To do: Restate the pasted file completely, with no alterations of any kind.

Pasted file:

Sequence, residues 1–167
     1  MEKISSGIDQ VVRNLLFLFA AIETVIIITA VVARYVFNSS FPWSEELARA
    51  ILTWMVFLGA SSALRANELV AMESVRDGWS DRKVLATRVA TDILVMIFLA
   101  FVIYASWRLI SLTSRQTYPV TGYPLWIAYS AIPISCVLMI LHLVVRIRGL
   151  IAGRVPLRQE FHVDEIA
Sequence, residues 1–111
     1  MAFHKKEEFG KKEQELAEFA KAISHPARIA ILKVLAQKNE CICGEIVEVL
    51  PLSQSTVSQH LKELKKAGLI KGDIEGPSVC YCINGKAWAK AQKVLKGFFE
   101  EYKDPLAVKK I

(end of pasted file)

Sequence, residues 1–167
     1  MEKISSGIDQ VVRNLLFLFA AIETVIIITA VVARYVFNSS FPWSEELARA
    51  ILTWMVFLGA SSALRANELV AMESVRDGWS DRKVLATRVA TDILVMIFLA
   101  FVIYASWRLI SLTSRQTYPV TGYPLWIAYS AIPISCVLMI LHLVVRIRGL
   151  IAGRVPLRQE FHVDEIA
Sequence, residues 1–111
     1  MAFHKKEEFG KKEQELAEFA KAISHPARIA ILKVLAQKNE CICGEIVEVL
    51  PLSQSTVSQH LKELKKAGLI KGDIEGPSVC YCINGKAWAK AQKVLKGFFE
   101  EYKDPLAVKK I